The middle-stage of memory loss is evidenced by:

  • Continued behavioral and personality changes
  • Increased agitation in the later afternoon/evening (often referred to as Sundowning)
  • Inability to read or follow instructions
  • Not remembering words, faces, names, or yesterday’s activities
  • No longer being able to play favorite games or to follow along with television or movie plots
  • Not remembering to take medication
  • Inability to manage money, do basic math, or figure out the correct change or tip when at a store or restaurant
  • Insomnia or noticeable sleep changes

If you are the spouse or family caregiver for something with mid-stage dementia, you can no longer go it alone. Individuals with mid-stage dementia require 24/7 care and monitoring, which is impossible for one person to handle on their own. Doing so leads to caregiver fatigue and burnout.

Get Support In the Early Stages

Those early signs of dementia are a call-to-arms. Once you have a diagnosis, it’s time to activate a well-rounded care plan that ensures both the person with dementia – and family caregivers – have the support they need to optimize quality of life. This includes caregivers getting much-deserved time off via respite care, adult daycare, or residential memory care services to prevent burnout.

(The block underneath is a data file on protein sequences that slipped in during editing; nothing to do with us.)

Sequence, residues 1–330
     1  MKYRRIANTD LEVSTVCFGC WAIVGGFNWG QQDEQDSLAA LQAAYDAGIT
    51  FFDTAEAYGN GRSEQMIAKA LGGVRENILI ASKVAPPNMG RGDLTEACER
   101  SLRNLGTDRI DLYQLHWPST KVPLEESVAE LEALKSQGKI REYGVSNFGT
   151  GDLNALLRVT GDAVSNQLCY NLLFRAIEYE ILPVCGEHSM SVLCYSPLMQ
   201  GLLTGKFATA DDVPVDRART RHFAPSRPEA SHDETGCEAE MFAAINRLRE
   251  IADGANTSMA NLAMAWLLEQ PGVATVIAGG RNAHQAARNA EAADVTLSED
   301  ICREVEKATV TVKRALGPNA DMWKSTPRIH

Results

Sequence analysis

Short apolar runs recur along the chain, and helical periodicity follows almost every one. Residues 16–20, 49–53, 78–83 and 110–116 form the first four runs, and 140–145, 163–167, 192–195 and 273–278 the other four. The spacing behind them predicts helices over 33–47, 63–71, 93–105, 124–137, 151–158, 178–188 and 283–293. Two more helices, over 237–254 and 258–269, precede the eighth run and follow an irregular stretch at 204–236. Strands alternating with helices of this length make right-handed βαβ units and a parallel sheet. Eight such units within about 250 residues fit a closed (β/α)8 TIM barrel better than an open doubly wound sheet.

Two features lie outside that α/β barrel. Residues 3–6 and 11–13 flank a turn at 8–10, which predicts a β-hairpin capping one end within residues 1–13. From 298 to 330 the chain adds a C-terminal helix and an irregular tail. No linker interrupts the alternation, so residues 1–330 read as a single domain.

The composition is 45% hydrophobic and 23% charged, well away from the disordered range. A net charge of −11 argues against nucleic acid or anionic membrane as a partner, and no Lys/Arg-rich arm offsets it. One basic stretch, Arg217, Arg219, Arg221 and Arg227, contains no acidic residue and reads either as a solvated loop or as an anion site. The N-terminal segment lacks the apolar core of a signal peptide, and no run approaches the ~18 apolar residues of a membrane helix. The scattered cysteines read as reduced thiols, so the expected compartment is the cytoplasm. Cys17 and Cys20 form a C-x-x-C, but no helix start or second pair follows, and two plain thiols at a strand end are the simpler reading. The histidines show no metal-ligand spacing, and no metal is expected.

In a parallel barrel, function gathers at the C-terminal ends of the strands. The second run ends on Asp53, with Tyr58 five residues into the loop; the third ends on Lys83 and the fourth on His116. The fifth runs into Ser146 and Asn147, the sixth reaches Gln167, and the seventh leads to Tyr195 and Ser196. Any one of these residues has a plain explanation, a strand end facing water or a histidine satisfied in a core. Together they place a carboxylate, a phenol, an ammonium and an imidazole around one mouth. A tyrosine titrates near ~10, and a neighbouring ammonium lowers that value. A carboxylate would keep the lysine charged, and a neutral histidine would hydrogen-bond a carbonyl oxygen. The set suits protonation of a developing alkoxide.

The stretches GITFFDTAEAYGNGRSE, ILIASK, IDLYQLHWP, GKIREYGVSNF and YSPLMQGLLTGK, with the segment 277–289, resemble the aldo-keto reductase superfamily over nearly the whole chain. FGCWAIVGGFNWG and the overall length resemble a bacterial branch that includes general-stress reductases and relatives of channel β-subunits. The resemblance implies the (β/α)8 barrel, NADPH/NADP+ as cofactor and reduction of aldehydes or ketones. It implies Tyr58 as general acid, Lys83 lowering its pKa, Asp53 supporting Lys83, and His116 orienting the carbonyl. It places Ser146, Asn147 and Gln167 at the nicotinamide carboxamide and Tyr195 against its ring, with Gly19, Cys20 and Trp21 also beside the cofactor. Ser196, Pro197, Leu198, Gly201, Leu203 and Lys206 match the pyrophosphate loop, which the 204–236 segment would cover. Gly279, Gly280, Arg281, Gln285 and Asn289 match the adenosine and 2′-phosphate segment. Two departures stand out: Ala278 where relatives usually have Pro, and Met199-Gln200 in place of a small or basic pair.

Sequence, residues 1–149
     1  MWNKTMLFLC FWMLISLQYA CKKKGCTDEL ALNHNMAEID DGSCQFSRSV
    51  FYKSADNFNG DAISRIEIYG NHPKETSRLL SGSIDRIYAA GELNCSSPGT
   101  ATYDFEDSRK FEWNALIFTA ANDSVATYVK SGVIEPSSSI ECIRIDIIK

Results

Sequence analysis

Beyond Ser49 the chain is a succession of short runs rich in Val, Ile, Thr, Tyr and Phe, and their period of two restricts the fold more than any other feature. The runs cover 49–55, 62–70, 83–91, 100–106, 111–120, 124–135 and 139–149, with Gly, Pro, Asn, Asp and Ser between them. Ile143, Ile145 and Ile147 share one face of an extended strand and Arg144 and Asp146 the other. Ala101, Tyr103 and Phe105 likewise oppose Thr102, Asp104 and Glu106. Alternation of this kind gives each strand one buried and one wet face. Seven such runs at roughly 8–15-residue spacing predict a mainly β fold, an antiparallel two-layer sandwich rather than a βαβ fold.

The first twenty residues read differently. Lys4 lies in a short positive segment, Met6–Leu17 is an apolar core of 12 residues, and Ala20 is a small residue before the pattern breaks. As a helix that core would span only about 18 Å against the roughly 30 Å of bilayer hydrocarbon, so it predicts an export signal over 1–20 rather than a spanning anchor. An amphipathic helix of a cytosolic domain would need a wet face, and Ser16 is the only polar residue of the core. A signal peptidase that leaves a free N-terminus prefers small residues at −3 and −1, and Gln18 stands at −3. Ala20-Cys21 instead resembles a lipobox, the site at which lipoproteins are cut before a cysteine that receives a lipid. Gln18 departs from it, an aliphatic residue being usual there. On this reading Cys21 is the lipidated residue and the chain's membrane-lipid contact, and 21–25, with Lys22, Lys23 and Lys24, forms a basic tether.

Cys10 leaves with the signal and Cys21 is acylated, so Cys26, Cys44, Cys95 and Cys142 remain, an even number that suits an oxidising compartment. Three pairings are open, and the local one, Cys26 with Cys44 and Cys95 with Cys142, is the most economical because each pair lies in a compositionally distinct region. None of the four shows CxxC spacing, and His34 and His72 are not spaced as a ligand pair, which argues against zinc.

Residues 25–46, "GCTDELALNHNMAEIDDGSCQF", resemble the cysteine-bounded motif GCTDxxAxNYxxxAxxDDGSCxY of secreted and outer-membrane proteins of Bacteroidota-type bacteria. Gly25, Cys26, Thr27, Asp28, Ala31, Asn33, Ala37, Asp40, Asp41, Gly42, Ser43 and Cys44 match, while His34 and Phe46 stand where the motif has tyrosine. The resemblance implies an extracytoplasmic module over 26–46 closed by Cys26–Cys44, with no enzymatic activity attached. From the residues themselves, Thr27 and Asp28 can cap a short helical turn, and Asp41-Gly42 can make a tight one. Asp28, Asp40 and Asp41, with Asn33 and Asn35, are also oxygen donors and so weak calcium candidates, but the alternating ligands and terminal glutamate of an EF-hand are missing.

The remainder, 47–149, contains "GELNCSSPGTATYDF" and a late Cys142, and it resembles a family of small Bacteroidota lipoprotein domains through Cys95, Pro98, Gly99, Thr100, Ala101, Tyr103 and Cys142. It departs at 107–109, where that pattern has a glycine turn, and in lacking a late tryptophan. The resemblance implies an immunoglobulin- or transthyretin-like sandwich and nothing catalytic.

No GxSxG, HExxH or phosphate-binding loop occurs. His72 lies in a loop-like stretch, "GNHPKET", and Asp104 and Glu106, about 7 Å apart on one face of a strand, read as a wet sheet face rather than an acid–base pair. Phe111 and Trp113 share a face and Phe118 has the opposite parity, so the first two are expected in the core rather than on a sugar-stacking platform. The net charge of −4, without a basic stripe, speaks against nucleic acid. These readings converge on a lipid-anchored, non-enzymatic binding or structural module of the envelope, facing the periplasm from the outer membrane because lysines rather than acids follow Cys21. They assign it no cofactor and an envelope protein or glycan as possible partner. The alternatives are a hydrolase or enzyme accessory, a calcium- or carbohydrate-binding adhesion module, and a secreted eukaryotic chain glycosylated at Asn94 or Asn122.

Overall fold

If you or a loved on is at risk of suffering from caregiver burnout, read our helpful resource below.

Understanding and Managing Dementia Caregiver Burnout

Age-Related Memory Loss vs. Dementia

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An adult daughter, confident she knows how to recognize age-related memory loss vs. dementia, sits with her older mother on a bed.

Not all memory loss is created equal. There is a distinct physiological difference between age-related memory loss and dementia. Knowing the difference can help you remain calm when normal forgetfulness makes you fear the worst.

That said, ignoring clear signs of dementia means your loved one isn’t getting the help and support they need to slow down the disease’s progression and begin creating a long-term care plan.

Keep reading to learn more about recognizing the differences between age-related memory loss vs. dementia and what to do about it.

Memory Loss: Age-Related or Dementia?

All of us have moments where our mental faculties are not at their best. We forget an appointment, can’t recall a name, or absent-mindedly miss a turn on a familiar route. And, as we age, these scenarios are more common. 

However, with Alzheimer’s, these forgetful or foggy moments are not recoverable, happen more frequently, and can negatively impact our mood, behavior, and personal safety. 

If you are worried about memory loss, it’s best to schedule an appointment with your general physician. While there is no single test to diagnose dementia or Alzheimer’s, physicians use health screenings, questionnaires, brain scans, and other tools to determine the cause of changes in thinking, movement, or behavior.